Most parents will have access to free, all-day kindergarten beginning in the Fall of 2014 under a $15.7 billion education funding bill given final approval by the Legislature on Sunday. The Senate approved the bill on a 41-26 vote and sent it to Gov. Mark Dayton.
The bill is both the biggest single part of the state’s general fund budget and a top priority of the DFL Legislature. Their reason for taking the unpopular step of raising taxes is to provide the popular benefit of all-day kindergarten, as well as other education improvements.
All-day kindergarten will be optional for school districts, but sponsors expect most districts to provide it.
The bill includes $485 million in new money and includes a $40 million boost in scholarships for lower-income families to send their children to high-quality pre-schools; a $40 million increase in special education aid; and an increase in the basic classroom education formula.
“This is a great bill, that has reform, puts us on a path for each Minnesota student to be successfully ready for college and career as part of the world’s best work force,” said Sen. Chuck Wiger, DFL-Maplewood, chair of the E-12 Finance Division.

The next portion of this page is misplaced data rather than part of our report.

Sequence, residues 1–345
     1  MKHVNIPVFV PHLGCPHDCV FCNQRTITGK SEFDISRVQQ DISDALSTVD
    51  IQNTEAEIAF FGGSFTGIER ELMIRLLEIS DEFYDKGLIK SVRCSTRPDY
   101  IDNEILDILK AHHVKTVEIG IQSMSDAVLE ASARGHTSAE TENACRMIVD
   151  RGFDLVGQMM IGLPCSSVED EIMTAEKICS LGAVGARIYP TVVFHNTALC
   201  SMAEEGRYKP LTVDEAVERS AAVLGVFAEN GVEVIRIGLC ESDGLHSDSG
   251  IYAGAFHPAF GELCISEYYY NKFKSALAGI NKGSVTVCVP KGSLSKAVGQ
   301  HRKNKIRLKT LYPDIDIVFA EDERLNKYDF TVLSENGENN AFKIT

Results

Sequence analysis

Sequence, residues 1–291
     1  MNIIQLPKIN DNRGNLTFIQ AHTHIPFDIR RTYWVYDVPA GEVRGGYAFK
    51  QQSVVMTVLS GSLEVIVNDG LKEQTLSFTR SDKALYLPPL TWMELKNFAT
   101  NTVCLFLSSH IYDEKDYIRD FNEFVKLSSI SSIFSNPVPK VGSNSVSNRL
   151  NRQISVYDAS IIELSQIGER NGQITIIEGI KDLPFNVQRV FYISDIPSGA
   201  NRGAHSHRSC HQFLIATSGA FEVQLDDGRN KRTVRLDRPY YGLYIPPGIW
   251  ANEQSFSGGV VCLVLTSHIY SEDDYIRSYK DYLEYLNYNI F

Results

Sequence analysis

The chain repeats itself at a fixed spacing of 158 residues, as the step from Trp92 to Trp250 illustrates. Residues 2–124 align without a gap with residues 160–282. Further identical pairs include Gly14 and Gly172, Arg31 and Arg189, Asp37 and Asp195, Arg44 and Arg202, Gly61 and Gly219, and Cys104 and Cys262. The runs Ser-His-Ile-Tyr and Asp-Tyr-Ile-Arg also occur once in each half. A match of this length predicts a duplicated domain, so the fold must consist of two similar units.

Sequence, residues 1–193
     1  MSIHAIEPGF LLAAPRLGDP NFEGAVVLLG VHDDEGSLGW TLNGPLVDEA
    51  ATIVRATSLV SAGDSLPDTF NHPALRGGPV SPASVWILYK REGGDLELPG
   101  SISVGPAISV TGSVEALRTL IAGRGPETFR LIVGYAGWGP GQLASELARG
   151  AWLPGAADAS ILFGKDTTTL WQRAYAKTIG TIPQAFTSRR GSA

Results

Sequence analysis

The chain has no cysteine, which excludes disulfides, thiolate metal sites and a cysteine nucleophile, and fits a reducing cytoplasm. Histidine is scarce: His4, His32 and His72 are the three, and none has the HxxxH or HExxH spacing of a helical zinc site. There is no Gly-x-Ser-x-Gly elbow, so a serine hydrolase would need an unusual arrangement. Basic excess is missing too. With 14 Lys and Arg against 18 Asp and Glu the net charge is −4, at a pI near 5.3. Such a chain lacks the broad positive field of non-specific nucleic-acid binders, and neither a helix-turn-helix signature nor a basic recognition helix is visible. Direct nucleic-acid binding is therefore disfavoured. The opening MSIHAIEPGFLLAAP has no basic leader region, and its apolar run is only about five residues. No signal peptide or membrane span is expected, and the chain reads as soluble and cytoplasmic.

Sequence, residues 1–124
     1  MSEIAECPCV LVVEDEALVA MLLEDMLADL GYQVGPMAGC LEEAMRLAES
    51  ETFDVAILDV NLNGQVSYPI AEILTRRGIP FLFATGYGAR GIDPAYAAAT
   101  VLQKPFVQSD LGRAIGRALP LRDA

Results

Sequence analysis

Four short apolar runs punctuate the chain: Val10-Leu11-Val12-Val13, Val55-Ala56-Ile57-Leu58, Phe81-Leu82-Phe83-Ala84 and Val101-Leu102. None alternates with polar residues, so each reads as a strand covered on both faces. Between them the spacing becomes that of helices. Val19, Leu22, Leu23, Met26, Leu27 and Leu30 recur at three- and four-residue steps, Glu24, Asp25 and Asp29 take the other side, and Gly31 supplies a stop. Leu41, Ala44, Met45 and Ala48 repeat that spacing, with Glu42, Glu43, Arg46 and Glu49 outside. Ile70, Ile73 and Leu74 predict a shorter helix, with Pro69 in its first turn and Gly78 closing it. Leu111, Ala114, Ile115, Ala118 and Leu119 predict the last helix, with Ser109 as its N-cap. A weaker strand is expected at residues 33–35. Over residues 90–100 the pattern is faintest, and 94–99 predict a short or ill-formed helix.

“When are we going to get down the business of making sure we are educating kids?” responded Senate Minority Leader David Hann, R-Eden Prairie. “When are we going to get off the idea that somehow spending money equates to that?”
The bill ends the high-stakes high school graduation tests known as the GRAD tests, and it raises the age at which students can drop out from 16 to 17. It also softens high-stakes basic skills testing for teachers by giving teachers two additional one-year provisional licenses if they cannot pass the tests.
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Special legislative session likely as Gov. Mark Dayton seeks to address walleye shortage at Lake Mille Lacs
Gov. Mark Dayton said Wednesday he expects to call a special legislative session for lawmakers to help businesses on Lake Mille Lacs that are struggling due to the decline of walleye fishing.
Mille Lacs resorts and other area businesses could face tough times if the walleye season is cut short, as seems likely.